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Prevent summer skin setbacks

You've emerged from winter's harsh, windy conditions and done some spring cleaning on your skin. When summer comes, it's a whole new set of potential skin setbacks. Get a heads-up about a few common setbacks so you'll know how to keep your skin glowing with health.

Spirited summer adventures set you up for sweaty and dirty skin. In the summer, you're more likely to be part of beach holidays, camping and hiking expeditions, bicycle rides, or soccer matches in the park. Between all the picnics and play-dates, you still need to go to work and seem (and smell) presentable. But excess washing up and showering can rob your skin of surface oils and leave you feeling and looking dried out.

  • Keep your skin supple by taking quick, warm (never hot!) showers.
  • Apply a light moisturizer to enrich and seal in your skin's natural moisture.

A desire for smooth, hairless legs and armpits sets you up for razor burn and ingrown hairs. If you want to wear bikinis, shorts, miniskirts, or tank tops, you might shave more often now than at other times of the year.

  • A warm shower preps your skin for an even shave, and a scrub from bath gloves, a loofah, or a coarse-fibred washcloth exfoliates the skin.
  • Lather up with a shaving gel or cream (hair conditioner can work in a pinch).
  • Use a sharp razor blade and shave gently in the direction of your hair's growth; take your time. Rinse it well after each stroke and do a soft pat-dry.
  • Lightly glide a bit of moisturizer over your skin to prevent dryness and irritation.

Sun, sand, and surf set you up for burns, itches, and irritations. So use sunscreen diligently and your skin will thank you in the long and short run. In the long run, the sun's ultraviolet (UV) radiation damages the skin, leading to photoageing and an increased risk of developing skin cancer. In the short run, UV rays can cause sunburns. Sand and salty seawater can be therapeutic and exfoliating to some people's skin, but irritating to others. Prolonged exposure to water and wind can also dehydrate your skin, making it appear dull or dry.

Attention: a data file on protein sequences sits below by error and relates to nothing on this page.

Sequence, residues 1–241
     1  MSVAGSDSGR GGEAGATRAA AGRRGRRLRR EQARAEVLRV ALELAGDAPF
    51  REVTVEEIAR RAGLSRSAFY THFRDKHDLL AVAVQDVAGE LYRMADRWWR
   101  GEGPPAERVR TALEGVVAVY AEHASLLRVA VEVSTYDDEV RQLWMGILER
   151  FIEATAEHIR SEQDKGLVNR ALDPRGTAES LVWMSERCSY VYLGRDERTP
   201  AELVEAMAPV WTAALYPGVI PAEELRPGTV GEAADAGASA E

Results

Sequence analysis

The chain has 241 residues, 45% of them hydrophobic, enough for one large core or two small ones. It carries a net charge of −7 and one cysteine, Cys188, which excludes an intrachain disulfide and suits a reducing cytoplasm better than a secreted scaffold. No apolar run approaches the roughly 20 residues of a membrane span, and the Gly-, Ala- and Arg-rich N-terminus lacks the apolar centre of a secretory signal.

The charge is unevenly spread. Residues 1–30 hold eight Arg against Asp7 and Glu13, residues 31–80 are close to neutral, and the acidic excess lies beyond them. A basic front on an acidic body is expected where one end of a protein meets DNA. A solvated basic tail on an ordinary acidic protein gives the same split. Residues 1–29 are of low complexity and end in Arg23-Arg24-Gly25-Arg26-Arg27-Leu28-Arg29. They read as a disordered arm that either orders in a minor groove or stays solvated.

• Apply a sunscreen of at least SPF 30 at least 15 minutes before going outside and reapply it every 2 hours after stepping out and throughout the day, especially after you've been in the water or sweating.
  • Wash off promptly after beach romps to prevent sand chafing (especially on recently sunburned skin – ouch!).
  • Dry sand or a sprinkle of baby powder can also help to shake caked sand off of your skin.

Feed your skin
Summer brings tasty temptations: the siren call of the ice cream truck, the BBQ aromas wafting over fences, and sticky carnival sweets. It's all right to indulge now and then, but your food and beverage choices can affect your skin, for better or worse. You want to strive for the better, right?

  • Drink plenty of water. Dehydration can sap your skin of its lustre, and leave you too sluggish to splash, surf, or swim and too pooped to play.
  • Know your healthy summer skin ABCs. Eat foods with skin-enriching antioxidants, such as vitamins A, C, and E. It shouldn't be too hard to find a spot in your summer picnic basket for nuts, citrus fruits, and dark, leafy greens! And B vitamins support skin cells; especially biotin, which can be found in eggs, legumes, and sweet potatoes.
  • Swim with the fishes. Essential fatty acids, found in cold-water fish, like salmon and mackerel, are responsible for skin repair, moisture, and elasticity.

All material copyright MediResource Inc. 1996 – 2024. Terms and conditions of use. The contents herein are for informational purposes only. Always seek the advice of your physician or other qualified health provider with any questions you may have regarding a medical condition. Source:

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